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Health Law Highlights

Cyberattack Shuts Down Pharmacies Across the US

From Brew Healthcare, by Quinn Sental:

Change Healthcare, a prominent health tech firm owned by UnitedHealth Group, suffered a cyberattack, disrupting patient payments and prescription processing across the US. The company, part of Optum, handles 15 billion healthcare transactions annually.

The cyberattack was first noticed as disruptions in the company’s applications, later identified as “enterprise-wide connectivity issues”, and eventually confirmed as a cybersecurity issue. In response, Change Healthcare disconnected its systems to prevent further spread.

The incident has affected pharmacies nationwide, preventing them from processing prescription orders. Some pharmacies could accept prescriptions but were unable to process them through patients’ insurance.

Change Healthcare said the disruption is expected to last at least a day and is specific to their systems, with all other UnitedHealth Group systems remaining operational.

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Health Law Highlights

Researchers Observe Increase in Emerging Ransomware Groups Targeting Healthcare

From HealthIT Security, by Jill McKeon:

  • The healthcare sector experienced significant data breaches in 2023, with over 540 organizations reporting such incidents, largely due to ransomware attacks. Healthcare was the third-most targeted industry, following manufacturing and technology.
  • The GuidePoint Research and Intelligence Team (GRIT) identified 63 distinct ransomware groups responsible for these attacks, with established groups like LockBit, Alphv, and Clop causing the majority of breaches. These groups have operated for at least nine months and have well-defined tactics.
  • Both established and emerging ransomware groups have increasingly targeted healthcare organizations. Despite traditionally being considered ‘off-limits’ due to potential negative press and law enforcement attention, the number of attacks on healthcare organizations rose in 2023.
  • Emerging groups, defined as those in operation for less than three months, have been particularly problematic for the healthcare sector. One such group, Rhysidia, has been aggressive in its attacks despite its relative newness, using tactics like phishing to compromise victims.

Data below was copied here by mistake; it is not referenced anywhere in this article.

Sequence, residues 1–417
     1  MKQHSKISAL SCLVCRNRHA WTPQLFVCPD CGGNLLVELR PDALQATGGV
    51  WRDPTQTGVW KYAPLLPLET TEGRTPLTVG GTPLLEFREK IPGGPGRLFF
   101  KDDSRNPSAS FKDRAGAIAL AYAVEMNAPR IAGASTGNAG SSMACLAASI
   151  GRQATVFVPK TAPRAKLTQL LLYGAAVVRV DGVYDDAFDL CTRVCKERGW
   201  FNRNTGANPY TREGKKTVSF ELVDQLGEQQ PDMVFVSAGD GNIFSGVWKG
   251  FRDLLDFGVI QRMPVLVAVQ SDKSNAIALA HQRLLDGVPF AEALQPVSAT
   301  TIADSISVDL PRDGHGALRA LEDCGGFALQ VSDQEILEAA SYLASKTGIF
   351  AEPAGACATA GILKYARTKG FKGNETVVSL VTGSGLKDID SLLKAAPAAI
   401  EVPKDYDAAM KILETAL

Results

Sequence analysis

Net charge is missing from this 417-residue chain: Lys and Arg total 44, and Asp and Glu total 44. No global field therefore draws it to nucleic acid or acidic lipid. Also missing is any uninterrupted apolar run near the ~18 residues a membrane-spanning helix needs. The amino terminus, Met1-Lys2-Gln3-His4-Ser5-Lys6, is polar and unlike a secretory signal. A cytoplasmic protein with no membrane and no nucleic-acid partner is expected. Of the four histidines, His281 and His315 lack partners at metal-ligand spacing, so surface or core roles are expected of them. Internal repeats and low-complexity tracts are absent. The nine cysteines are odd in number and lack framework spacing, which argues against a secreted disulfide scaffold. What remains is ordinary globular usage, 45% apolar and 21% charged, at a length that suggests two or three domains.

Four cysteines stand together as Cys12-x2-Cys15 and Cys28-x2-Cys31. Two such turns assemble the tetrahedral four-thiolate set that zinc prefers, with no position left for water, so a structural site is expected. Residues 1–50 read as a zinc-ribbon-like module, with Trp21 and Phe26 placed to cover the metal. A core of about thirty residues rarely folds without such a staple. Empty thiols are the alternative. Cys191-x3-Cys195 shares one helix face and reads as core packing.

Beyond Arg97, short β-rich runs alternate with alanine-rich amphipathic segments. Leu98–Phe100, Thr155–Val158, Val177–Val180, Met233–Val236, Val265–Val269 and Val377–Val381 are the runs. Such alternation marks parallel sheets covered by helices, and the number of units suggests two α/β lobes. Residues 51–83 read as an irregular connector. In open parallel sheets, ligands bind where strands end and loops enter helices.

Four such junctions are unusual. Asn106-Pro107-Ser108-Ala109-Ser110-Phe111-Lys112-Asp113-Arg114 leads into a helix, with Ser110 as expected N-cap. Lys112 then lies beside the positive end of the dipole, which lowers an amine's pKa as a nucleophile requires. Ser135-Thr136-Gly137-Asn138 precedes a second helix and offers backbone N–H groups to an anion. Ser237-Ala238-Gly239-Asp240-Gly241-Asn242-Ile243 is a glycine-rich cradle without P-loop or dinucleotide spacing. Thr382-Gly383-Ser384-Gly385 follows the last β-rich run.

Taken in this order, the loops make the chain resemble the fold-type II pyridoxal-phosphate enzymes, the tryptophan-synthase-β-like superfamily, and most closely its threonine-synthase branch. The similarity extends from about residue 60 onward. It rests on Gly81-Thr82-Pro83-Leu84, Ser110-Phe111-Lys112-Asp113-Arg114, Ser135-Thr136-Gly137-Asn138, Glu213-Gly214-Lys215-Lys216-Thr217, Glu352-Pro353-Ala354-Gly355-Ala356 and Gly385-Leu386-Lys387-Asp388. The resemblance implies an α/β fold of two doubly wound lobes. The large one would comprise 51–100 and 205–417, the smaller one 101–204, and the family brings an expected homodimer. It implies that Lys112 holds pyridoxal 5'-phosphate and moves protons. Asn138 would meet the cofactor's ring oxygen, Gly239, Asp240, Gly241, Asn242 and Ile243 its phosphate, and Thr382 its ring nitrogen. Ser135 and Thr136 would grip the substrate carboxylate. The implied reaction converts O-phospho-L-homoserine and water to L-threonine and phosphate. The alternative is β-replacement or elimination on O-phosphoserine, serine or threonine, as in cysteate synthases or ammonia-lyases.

• GRIT predicts that ransomware attacks will continue to escalate in 2024, with the most prolific groups leading advancements in techniques and strategies. The report emphasizes the importance of industry best practices in threat intelligence, information sharing, and public-private partnerships to combat this growing threat.
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Health Law Highlights

HHS Releases Voluntary Cybersecurity Performance Goals to Beef Up Healthcare’s Digital Defenses

From Fierce Healthcare, by Dave Mulio:

  • The Department of Health and Human Services (HHS) has published voluntary cybersecurity performance goals for healthcare organizations, aiming to enhance industry-wide cybersecurity. The goals are hosted on a new website launched by the department to centralize cybersecurity resources from various government groups.
  • The goals are divided into two categories: “Essential Goals” and “Enhanced Goals”, reflecting cybersecurity frameworks, best practices, and strategies developed by the healthcare industry. They address common attack vectors against U.S. hospitals, as identified in the 2023 Hospital Cyber Resiliency Landscape Analysis.
  • The voluntary goals cover initial protection, response, and mitigation of residual risk. They provide a prioritization roadmap for layers of protection across various points of weakness, aiming to prevent potential breaches.